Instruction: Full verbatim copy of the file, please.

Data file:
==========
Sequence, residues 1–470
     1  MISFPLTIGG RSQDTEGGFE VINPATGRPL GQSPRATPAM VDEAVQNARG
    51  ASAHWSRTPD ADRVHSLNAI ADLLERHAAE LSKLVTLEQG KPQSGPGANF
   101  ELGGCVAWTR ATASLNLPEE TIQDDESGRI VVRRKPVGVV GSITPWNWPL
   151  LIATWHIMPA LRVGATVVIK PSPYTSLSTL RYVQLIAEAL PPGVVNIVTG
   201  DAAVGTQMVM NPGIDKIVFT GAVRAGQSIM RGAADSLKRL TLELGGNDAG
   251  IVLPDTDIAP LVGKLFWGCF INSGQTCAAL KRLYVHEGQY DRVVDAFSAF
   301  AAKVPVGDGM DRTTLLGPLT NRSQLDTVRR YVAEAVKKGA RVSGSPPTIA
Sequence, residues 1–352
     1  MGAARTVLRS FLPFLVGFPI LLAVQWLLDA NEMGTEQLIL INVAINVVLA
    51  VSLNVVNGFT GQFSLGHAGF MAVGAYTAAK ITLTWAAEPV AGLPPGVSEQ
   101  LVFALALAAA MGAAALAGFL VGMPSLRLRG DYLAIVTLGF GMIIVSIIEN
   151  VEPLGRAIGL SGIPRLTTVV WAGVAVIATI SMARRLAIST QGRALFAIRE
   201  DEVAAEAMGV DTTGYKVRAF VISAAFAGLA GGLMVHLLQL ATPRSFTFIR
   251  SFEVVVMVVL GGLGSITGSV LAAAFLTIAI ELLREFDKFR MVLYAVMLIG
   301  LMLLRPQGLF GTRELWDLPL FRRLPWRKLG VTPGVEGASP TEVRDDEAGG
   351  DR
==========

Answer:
Sequence, residues 1–470
     1  MISFPLTIGG RSQDTEGGFE VINPATGRPL GQSPRATPAM VDEAVQNARG
    51  ASAHWSRTPD ADRVHSLNAI ADLLERHAAE LSKLVTLEQG KPQSGPGANF
   101  ELGGCVAWTR ATASLNLPEE TIQDDESGRI VVRRKPVGVV GSITPWNWPL
   151  LIATWHIMPA LRVGATVVIK PSPYTSLSTL RYVQLIAEAL PPGVVNIVTG
   201  DAAVGTQMVM NPGIDKIVFT GAVRAGQSIM RGAADSLKRL TLELGGNDAG
   251  IVLPDTDIAP LVGKLFWGCF INSGQTCAAL KRLYVHEGQY DRVVDAFSAF
   301  AAKVPVGDGM DRTTLLGPLT NRSQLDTVRR YVAEAVKKGA RVSGSPPTIA
Sequence, residues 1–352
     1  MGAARTVLRS FLPFLVGFPI LLAVQWLLDA NEMGTEQLIL INVAINVVLA
    51  VSLNVVNGFT GQFSLGHAGF MAVGAYTAAK ITLTWAAEPV AGLPPGVSEQ
   101  LVFALALAAA MGAAALAGFL VGMPSLRLRG DYLAIVTLGF GMIIVSIIEN
   151  VEPLGRAIGL SGIPRLTTVV WAGVAVIATI SMARRLAIST QGRALFAIRE
   201  DEVAAEAMGV DTTGYKVRAF VISAAFAGLA GGLMVHLLQL ATPRSFTFIR
   251  SFEVVVMVVL GGLGSITGSV LAAAFLTIAI ELLREFDKFR MVLYAVMLIG
   301  LMLLRPQGLF GTRELWDLPL FRRLPWRKLG VTPGVEGASP TEVRDDEAGG
   351  DR